Some companies' martech stacks have grown too complex, but not all of them.

In addition to my personal experience, while working with my clients at GrowthSpree, Gartner's most recent Marketing Technology Survey provides a quantitative framework on this issue. In this survey, Gartner questioned 324 enterprise marketing technology leaders who stated that on average only 42% of their martech capabilities are being used in the year 2022 comparing this with the year 2020 which stated this number as 58%, showing that the utilization has decreased.

Martech Utilization (Gartner 2022)

Whatever these martech leaders thought while answering the utilization criteria, the main insight here is that the majority of them believed it to be less than half of what it ought to be. And they believe that it has significantly decreased over the last two years.

Now, this can’t be good? 

At a quick glance, this might look like this is heading in the wrong direction but the reason for this is Companies invested heavily in digital transformation as a result of the epidemic, adding a heap of new technologies to their tech stacks. 

So is the solution for this problem for everyone to reduce their martech stacks by 58%? 

Well for some companies the answer is Yes. Right now they have far more technology than they are prepared to employ and maintain productively. They should simplify their martech stacks so as to increase their productivity.  

Given the likely fiscal constriction that many marketing teams will encounter in 2023, now is a good opportunity for companies to assess their stack and get rid of any tools that aren't generating any significant value. This could be due to a company’s limitations in its ability to use those tools productively, rather than problems with those tools themselves.

In either case, if the companies are not getting any meaningful results from these tools, they're waste.

As simple as possible, but no simpler

Although simplicity is good, a word of caution is to not sway in its direction too far.

Martech is more complicated, especially for larger companies than small companies. This isn't usually the fault of martech, even if it may make you feel better at times. It's a result of the complexity of our current surroundings and external factors. The complexity of digital everything, digital everywhere has exploded over the last decade.

A recent report from Adverity “What Is Shaping the CMO's Roadmap?” shows a chart of external factors that impact marketing decisions.

External Factors Impacting Martech Complexity

Looking at the chart we can see how each individual item leads to an increase in complexity while making decisions.

Hiring the appropriate people? Increased complexity as a result of the expanding set of skills required to meet the problems listed above. But if we fail to complete this challenging task, our martech organizational maturity may potentially decrease rather than increase – just when we need it the most.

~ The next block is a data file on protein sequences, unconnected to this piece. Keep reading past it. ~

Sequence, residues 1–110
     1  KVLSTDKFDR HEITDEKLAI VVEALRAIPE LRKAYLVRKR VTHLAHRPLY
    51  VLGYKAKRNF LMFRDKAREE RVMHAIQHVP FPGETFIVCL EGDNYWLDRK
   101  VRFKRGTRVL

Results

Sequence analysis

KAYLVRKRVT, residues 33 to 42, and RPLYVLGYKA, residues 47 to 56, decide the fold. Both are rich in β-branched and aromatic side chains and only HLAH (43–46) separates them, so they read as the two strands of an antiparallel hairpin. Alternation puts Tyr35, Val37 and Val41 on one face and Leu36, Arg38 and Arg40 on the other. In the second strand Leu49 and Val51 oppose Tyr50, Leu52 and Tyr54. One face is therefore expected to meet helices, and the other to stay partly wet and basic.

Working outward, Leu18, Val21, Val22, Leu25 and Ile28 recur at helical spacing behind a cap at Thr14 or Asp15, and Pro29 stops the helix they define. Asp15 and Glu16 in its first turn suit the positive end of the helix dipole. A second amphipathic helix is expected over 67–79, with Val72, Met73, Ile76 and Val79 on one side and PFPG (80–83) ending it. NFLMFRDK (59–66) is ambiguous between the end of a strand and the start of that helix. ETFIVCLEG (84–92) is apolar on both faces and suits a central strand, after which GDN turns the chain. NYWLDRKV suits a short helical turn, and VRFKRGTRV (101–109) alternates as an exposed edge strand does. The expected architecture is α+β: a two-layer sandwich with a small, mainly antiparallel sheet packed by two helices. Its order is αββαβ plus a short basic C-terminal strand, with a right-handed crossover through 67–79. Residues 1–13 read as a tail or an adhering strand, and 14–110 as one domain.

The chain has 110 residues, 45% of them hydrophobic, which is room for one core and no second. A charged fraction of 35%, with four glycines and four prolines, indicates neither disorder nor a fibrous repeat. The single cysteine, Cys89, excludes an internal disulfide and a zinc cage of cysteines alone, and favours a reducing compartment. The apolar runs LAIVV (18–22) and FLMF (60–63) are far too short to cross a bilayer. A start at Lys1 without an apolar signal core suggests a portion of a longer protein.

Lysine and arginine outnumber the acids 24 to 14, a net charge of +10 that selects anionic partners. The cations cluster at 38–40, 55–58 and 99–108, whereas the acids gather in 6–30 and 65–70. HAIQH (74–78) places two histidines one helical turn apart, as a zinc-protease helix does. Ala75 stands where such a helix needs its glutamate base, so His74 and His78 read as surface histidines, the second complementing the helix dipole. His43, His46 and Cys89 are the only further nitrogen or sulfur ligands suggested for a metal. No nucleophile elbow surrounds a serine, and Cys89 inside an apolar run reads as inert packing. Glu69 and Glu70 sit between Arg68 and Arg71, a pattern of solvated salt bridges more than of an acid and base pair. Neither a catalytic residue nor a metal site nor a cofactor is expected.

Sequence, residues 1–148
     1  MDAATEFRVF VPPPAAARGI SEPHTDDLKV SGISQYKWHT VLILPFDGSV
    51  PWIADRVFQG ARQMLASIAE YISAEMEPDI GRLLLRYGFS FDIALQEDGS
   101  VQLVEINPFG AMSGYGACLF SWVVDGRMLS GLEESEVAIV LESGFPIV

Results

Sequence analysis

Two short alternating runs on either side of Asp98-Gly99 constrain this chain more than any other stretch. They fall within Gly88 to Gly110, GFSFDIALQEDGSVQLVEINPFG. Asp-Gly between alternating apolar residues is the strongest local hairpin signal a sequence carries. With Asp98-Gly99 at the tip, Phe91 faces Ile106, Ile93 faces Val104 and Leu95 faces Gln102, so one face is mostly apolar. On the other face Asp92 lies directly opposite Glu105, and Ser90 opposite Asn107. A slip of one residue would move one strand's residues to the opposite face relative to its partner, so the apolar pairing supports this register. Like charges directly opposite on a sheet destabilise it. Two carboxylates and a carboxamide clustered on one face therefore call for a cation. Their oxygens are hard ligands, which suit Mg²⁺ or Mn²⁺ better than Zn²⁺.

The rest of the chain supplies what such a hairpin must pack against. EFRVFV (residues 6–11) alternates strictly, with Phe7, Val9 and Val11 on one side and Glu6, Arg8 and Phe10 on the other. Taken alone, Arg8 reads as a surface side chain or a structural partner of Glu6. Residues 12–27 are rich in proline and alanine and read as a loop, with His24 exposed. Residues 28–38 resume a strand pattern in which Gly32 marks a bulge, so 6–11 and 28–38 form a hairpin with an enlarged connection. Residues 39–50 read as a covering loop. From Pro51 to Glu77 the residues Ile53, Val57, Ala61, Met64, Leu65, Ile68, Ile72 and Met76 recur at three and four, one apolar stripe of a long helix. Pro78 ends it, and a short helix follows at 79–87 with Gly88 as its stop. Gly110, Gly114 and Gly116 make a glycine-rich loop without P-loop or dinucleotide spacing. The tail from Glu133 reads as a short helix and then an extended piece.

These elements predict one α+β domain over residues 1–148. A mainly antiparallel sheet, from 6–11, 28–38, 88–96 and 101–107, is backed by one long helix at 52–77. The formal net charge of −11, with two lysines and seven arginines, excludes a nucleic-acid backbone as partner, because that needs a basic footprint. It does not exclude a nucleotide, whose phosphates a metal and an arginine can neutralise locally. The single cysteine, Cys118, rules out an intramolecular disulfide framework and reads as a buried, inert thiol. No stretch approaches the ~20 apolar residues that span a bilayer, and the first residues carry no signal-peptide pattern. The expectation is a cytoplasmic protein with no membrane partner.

All of these problems are "complex" in the sense that they do not contain a large number of moving pieces. They're complex in the sense that there are numerous interactions between them.
Most martech products aim to simplify — or at least help manage — this complexity.

This is important since simplifying your martech stack does not mean simplifying the external world. Simplifying your martech stack may still be a smart option for a variety of reasons, many of which are related to martech organizational maturity: if you aren't ready to extract more value from a more sophisticated stack, then the complexity of your stack is doing more harm than good.
However, not everything is equal. Connecting marketing and sales data and activities generally increases complexity – more moving pieces, more entanglement. However, for the sake of boosting efficiency and the continuity of consumer interactions over a broader range of touchpoints, the added complexity may be worthwhile.

The same is true for adjusting to changing client preferences, experimenting with emerging technologies, and building new organizational capital by enabling teams to think outside the box. Although all of these factors complicate martech operations by merging the old and new ways. But it is necessary for an organization to grow.

The role of martech leadership is to constantly simplify while strengthening a company’s capacity to handle increased complexity if the situation arises where it may prove beneficial.

Stack Complexity and Martech Maturity

Alignment of stack complexity and martech maturity can prove useful if the company is ready for it, have a look at the graph below.

A sophisticated martech stack is neither beneficial nor harmful in and of itself. It's either good or bad in terms of the business's martech organizational maturity.

A complicated stack in a mature martech business can be an incredibly powerful asset if it has:

  • Properly architected it.
  • Correctly integrated it into their environment.
  • And has built the appropriate enablement and controls to assist teams.

Although an identical stack in the hands of a less mature martech business is a recipe for disaster.

It's fine if your company is still in the early stages of growing its martech maturity. At this point, most companies are most likely in the left half of the above chart. It takes time to achieve robust martech maturity. However, allowing the complexity of your stack to outpace your maturity will likely slow rather than accelerate your progress.

HubSpot co-founder “Brian Halligan” has frequently stated that

 "Companies are more likely to die of gluttony than starvation." 

since they have a tendency to do too many things. This is especially true for martech capabilities.

In the end, remember to keep your stack's complexity in line with your organization's martech maturity.

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